The New York Times' Sharon LaFraniere reports on Qiao Mu, a professor at the Beijing Foreign Studies University whose failed candidacy in a neighborhood People's Congress election highlights the government's growing paranoia over independent candidates and the actions it will take to thwart their success:
Mr. Qiao said authorities did all they could to stymie him, keeping his name off the ballot, threatening his student volunteers, even forcibly collecting the red bookmarks he had printed with the slogan: “I am the master of my ballot.”
“The harassment started from the very beginning,” he said in an interview in his university office, still cluttered with campaign paraphernalia he never got to distribute. “It is a shame, because I didn’t do anything wrong,” he said. “All we did was follow China’s Constitution and election law.”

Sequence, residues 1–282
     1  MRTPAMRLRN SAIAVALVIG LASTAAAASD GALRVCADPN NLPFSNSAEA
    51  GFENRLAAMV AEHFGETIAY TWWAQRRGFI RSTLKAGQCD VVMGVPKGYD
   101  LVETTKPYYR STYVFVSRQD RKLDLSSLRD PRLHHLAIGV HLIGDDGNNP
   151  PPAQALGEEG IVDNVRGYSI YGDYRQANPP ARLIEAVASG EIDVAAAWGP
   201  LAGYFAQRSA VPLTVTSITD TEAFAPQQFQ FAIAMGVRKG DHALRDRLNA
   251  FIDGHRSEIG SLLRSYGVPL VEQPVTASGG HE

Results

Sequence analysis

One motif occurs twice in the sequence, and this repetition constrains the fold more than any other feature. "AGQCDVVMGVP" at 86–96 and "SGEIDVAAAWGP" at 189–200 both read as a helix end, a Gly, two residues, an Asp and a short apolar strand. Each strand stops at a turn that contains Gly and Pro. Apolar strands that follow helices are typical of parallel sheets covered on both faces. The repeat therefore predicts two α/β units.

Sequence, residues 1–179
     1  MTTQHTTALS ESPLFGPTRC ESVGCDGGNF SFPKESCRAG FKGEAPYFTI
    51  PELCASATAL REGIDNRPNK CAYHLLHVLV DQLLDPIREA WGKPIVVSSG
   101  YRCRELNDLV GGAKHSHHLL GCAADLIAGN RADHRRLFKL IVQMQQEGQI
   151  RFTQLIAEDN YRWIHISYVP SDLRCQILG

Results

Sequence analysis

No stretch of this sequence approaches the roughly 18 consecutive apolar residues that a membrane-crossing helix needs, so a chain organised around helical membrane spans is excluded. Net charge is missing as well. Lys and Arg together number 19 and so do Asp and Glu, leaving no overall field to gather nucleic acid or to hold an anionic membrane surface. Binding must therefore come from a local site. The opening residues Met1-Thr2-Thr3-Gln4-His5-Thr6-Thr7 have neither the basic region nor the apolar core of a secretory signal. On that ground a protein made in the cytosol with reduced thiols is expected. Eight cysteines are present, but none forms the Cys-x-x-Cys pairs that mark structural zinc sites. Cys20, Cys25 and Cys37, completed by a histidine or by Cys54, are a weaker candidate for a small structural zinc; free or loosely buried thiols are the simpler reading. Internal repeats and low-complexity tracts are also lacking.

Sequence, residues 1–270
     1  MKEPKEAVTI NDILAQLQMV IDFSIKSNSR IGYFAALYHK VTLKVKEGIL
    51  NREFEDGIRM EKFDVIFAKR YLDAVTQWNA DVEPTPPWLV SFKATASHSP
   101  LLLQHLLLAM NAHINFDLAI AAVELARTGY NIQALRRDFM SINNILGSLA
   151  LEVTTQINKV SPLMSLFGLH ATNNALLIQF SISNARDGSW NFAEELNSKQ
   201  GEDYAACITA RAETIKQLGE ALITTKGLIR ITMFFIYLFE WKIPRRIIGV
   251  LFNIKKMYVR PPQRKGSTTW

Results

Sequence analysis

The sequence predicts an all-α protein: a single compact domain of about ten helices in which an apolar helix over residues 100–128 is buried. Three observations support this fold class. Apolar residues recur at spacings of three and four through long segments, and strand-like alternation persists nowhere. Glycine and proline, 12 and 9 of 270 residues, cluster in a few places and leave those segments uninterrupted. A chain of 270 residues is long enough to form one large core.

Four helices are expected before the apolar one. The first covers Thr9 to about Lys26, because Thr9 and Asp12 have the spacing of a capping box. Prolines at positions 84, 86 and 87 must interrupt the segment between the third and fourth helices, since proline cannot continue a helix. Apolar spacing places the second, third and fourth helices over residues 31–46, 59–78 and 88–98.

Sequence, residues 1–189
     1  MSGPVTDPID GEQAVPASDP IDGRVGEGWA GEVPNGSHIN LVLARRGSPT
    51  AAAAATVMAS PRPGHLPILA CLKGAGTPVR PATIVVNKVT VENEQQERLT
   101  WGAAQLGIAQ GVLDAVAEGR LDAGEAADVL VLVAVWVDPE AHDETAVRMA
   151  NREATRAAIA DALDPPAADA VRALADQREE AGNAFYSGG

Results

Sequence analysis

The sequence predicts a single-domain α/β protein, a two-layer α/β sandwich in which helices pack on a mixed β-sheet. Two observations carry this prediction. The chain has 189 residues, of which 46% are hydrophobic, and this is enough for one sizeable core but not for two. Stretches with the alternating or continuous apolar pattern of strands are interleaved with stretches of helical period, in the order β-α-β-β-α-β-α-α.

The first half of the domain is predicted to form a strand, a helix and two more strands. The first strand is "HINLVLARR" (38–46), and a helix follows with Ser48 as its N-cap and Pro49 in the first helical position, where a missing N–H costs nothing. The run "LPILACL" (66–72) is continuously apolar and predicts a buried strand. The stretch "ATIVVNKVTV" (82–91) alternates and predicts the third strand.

His experience demonstrates an underlying political doctrine of today’s China: while Chinese leaders speak in favor of political reform, local authorities routinely deny voters the chance to freely choose a political representative.
Like many of the booming number of independent "citizen candidates" emerging in China this year, Qiao ran an innovative campaign via social media and the Internet but fell victim to manipulation tactics that have plagued a number of his peers.